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Global Market Report - 22 September

Lewis Jackson  |  22 Sep 2021Text size  Decrease  Increase  |  
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The ASX is set to edge lower after a mixed close on Wall Street. Investors look to the US Federal Reserve meeting, due Thursday morning Sydney time.

The Australian SPI 200 futures contract was down 14 points or 0.1 per cent at 7,225 near 8.00 am Sydney time on Wednesday, suggesting a negative start to trading.

US stocks finished mixed, following earlier losses. Fears about China's property sector had helped fuel a global selloff in stocks and commodities on Monday.

The Dow Jones Industrial Average slipped 0.2%. The S&P 500 retreated 0.1% and the Nasdaq Composite advanced 0.2% following the two indexes' worst one-day pullback since May.

To those who felt like markets had been overdue for some kind of pullback following a relatively sanguine summer, Monday's retreat appeared to have delivered on that front.

Now, investors say, the focus shifts to how markets will fare as the pace of the global economic recovery cools and central bankers prepare to wind down some of the support they lent to markets at the start of the pandemic.

The Australian dollar was buying 72.32 US cents near 8.00am AEST, down from the previous close of 72.49. The WSJ Dollar Index, which measures the US dollar relative to 16 foreign currencies, fell to 87.79.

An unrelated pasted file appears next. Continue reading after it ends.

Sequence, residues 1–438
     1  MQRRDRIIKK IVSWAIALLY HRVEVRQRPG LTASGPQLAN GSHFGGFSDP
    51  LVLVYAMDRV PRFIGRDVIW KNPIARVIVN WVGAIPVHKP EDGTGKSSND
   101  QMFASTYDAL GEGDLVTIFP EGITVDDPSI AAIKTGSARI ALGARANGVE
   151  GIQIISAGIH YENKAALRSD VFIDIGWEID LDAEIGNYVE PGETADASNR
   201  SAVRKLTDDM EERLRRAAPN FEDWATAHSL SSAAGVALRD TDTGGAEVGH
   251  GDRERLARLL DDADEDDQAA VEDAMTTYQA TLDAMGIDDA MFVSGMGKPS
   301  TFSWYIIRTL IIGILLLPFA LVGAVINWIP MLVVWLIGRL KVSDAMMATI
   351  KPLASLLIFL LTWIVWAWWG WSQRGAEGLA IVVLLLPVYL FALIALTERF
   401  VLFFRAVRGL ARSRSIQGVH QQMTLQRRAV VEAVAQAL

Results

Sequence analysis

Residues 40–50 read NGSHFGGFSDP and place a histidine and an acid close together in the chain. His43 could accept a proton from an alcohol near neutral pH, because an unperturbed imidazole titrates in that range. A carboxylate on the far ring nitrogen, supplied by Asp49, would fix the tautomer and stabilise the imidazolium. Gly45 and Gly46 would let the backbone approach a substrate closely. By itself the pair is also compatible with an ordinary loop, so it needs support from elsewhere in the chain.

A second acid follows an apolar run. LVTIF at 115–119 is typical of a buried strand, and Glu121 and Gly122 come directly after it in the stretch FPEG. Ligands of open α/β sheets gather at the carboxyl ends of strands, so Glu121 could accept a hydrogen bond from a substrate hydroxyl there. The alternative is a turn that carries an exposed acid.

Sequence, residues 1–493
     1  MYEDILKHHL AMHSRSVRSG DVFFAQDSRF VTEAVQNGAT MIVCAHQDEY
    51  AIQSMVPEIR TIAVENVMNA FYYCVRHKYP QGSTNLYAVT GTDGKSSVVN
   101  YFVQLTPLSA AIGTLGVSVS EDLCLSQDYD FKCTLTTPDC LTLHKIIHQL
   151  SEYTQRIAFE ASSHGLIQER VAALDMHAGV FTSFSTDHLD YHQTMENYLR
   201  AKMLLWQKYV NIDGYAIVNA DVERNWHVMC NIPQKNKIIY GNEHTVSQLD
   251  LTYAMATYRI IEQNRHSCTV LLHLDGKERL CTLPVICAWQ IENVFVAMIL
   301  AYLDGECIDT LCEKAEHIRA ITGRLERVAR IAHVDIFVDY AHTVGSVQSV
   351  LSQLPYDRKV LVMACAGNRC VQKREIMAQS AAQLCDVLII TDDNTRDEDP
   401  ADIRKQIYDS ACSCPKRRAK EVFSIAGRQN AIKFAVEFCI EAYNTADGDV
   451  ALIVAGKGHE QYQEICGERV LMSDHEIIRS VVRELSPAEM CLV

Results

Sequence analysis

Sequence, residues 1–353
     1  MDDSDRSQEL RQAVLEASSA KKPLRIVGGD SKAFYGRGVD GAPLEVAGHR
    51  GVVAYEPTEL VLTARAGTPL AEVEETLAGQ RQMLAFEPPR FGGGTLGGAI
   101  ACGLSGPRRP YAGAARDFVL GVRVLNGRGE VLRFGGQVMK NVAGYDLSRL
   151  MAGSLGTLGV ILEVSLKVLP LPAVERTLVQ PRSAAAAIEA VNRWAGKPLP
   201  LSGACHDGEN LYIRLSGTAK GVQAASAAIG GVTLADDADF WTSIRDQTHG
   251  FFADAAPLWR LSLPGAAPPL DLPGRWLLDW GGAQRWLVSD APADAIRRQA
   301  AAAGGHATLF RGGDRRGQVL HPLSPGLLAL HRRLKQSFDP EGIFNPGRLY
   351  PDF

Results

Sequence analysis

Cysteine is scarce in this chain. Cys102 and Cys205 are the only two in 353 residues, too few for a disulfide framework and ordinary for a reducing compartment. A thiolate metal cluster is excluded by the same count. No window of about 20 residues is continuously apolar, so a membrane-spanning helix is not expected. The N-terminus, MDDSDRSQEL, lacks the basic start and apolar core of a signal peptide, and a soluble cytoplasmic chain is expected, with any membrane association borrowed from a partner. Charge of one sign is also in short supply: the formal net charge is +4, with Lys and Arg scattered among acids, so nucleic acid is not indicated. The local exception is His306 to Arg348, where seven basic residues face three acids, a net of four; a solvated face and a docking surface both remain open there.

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Locally, the S&P/ASX 200 closed 0.4% higher at 7273.8, as energy stocks helped the benchmark index turnaround from yesterday's three-month low.

Almost all sectors finished higher, with energy stocks the best performer, gaining 1.5%. Whitehaven Coal was up 3.6%, while Woodside Petroleum gained 1.7%. Miners Fortescue, Rio Tinto and BHP gained between 0.3% and 0.6%.

The tech sector gained 1.3%, with Wisetech Global up 5.1% and Computershare gaining 1.4%. Gas pipeline operator APA Group lost 4.7% after it made a bid to acquire AusNet for A$9.96 billion

Gold futures rose 0.8% to $US1775.80 an ounce; Brent crude was up 0.6% at $US74.36 a barrel; Iron ore was up 5 cents to $US93.08.

The yield on the Australian 10-year bond fell to 1.27%; The yield on the US 10-year note rose to 1.323%.


Markets in mainland China were closed for a holiday.

Hong Kong shares ended the session higher after a selloff on Monday. The benchmark Hang Seng Index rose 0.5% to settle at 24221.54, after falling to its lowest closing in nearly a year during the past session.

China Evergrande shares dropped another 0.4%, taking its year-to-date decline to almost 85%. Other Chinese and Hong Kong property developers regained some ground from yesterday's steep losses. Country Garden jumped 8.9% and CK Asset climbed 4.1%.

Japanese stocks ended lower, dragged by especially sharp falls in machinery and steel stocks, as concerns grow about troubles at the Chinese property sector. The Nikkei Stock Average fell 2.2%.


The FTSE 100 closed Tuesday 0.96% higher, as European markets staged a rebound from Monday's losses.

The pan-European STOXX 600 index, which tracks the performance of companies across 17 European companies, was up 0.9%.